-Come with us, Paul. I'll wait.
-I don't understand.
I heard it coming from a long way away, a rumble like a distant freight train. I grabbed the earth and prayed it would stop. But it struck with the inevitability of time and centuries, and when it hit, it was like being shaken by an angry child. Someone hauled me back violently. I saw the team working, attempting to shift the stone until the last possible moment, and then there was nothing to do but grab the ground and wait. It stopped as abruptly as it started.
After the roar of the mountain, a pure, clean silence, and then the harsh caw of a distant crow.
The rescue team kept on going, of course. It was their nature to keep on going after reasonable hope was gone. They kept looking for a way in. Sometimes that works. Not this time.
No one had to tell me the cave had collapsed, grinding everything beneath it — bones, paintings. Flashlight. Everything.
I sat to one side, frozen inside myself. My jeans were torn and blood clotted the frayed edge. Someone put a blanket round my shoulders. As dusk gathered, Lady Haversham took my arm gently and pulled me down the mountain.
I remember all this; I remember walking into the pensione. There was roast chicken on the clean linen tablecloth. Madame Dumont straightened and turned to me.
-Is it the little Madame?
With that, the mountain crashed on top of me, and I remembered nothing for a long time.
• • •
Seven years: I tried. I went back to work for a while: everyone was kind. They were kind when I quit. I let a friend set me up on a blind date. She was very kind. I was kind of an asshole. I wrote her an apology before I left, but I didn't know where to send it.
I'll tell you what I didn't tell anyone else.
Just before the earth rumbled and shut upon her, I heard it too. 'Lissa didn't sing, and it was strange to hear her chant. But stranger were the many voices behind her, singing something that wasn't English and wasn't French. Something older than that. It wasn't until I began to dream about 'Lissa that I understood how old. You don't know it with your brain. You know it in your belly against the rocks.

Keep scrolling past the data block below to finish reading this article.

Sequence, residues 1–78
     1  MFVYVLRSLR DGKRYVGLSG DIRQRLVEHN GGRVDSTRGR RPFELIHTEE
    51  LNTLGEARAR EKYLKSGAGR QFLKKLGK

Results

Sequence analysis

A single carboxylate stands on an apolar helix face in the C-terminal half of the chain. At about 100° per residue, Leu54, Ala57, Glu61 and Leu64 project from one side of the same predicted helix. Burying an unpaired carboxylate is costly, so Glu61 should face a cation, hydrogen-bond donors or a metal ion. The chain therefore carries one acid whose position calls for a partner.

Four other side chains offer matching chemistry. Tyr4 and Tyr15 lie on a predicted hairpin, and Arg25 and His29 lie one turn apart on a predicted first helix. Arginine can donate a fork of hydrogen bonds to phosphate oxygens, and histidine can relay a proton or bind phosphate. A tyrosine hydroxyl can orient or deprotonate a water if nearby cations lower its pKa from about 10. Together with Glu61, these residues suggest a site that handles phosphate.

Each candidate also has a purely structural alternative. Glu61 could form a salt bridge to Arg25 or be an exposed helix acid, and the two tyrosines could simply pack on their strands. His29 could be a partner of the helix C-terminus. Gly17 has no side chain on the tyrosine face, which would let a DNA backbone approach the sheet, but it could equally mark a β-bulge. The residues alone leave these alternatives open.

When I dream of 'Lissa, she's wrapped in furs, with the baby in the hood, following the bison with the rest of the tribe and bear grease in her hair. She smiles at me.
-Come, Paul. I'll wait.
Rib bones clicking as you beat them together, and the chant rises to stars that are different from those I saw last night. The priest-god's head is black in firelight and you know you must give yourself to him, and sometimes your mate and child will die in the snow, and sometimes you will die red on the ground, but it doesn't matter as you and the tribe go North, with furs and spears, following the mammoth and the bison. North where she calls you and you will always be part of the song.
• • •
Someone will find this, eventually. Maybe you'll find me, half a mile or a mile down the crack in the back of the cave, skeletal or mummified. Perhaps you won't find me at all. But don't go looking alone; it isn't safe.
I say you're a treasure hunter. And if you say you're not, I ask you: are you sure? Because there is a treasure. There should always be a treasure. It doesn't matter what it is.
I cashed out my bank account before I left. It's a lot of money. We had insurance, you see, and no one expects a woman in her twenties to die like that. The money's in the backpack with this note, just inside the entrance of the cave. It's yours. I should have changed it into American Eagles, or Krugerrands. Or got some gold coins from a shipwreck and confounded the archeologists. But coins are heavy, and greenbacks are light; you'll have to make do. Sorry there's no crown, or cup. But here's a clue: ET IN ARCADIA EGO. Even in paradise I am here: a man with antlers and enormous eyes.
Good luck, my friend; I mean it. Your heart's desire. Everything you were looking for.
Copyright © 2012 by Samantha Henderson